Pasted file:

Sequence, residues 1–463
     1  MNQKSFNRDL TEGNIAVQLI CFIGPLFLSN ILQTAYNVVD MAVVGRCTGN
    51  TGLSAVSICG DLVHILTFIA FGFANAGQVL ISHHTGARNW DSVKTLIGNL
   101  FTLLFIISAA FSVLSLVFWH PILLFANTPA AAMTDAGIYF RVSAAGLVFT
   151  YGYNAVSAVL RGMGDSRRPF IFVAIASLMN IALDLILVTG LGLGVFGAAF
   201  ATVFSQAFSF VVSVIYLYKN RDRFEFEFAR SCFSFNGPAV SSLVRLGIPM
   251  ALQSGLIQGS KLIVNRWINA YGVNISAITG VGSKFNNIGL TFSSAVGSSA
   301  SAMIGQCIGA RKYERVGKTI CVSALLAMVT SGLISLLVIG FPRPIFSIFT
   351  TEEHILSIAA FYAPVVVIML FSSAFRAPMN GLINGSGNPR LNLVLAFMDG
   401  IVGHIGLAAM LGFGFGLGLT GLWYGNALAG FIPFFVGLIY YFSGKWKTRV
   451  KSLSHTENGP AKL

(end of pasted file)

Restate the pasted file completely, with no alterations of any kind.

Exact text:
Sequence, residues 1–463
     1  MNQKSFNRDL TEGNIAVQLI CFIGPLFLSN ILQTAYNVVD MAVVGRCTGN
    51  TGLSAVSICG DLVHILTFIA FGFANAGQVL ISHHTGARNW DSVKTLIGNL
   101  FTLLFIISAA FSVLSLVFWH PILLFANTPA AAMTDAGIYF RVSAAGLVFT
   151  YGYNAVSAVL RGMGDSRRPF IFVAIASLMN IALDLILVTG LGLGVFGAAF
   201  ATVFSQAFSF VVSVIYLYKN RDRFEFEFAR SCFSFNGPAV SSLVRLGIPM
   251  ALQSGLIQGS KLIVNRWINA YGVNISAITG VGSKFNNIGL TFSSAVGSSA
   301  SAMIGQCIGA RKYERVGKTI CVSALLAMVT SGLISLLVIG FPRPIFSIFT
   351  TEEHILSIAA FYAPVVVIML FSSAFRAPMN GLINGSGNPR LNLVLAFMDG
   401  IVGHIGLAAM LGFGFGLGLT GLWYGNALAG FIPFFVGLIY YFSGKWKTRV
   451  KSLSHTENGP AKL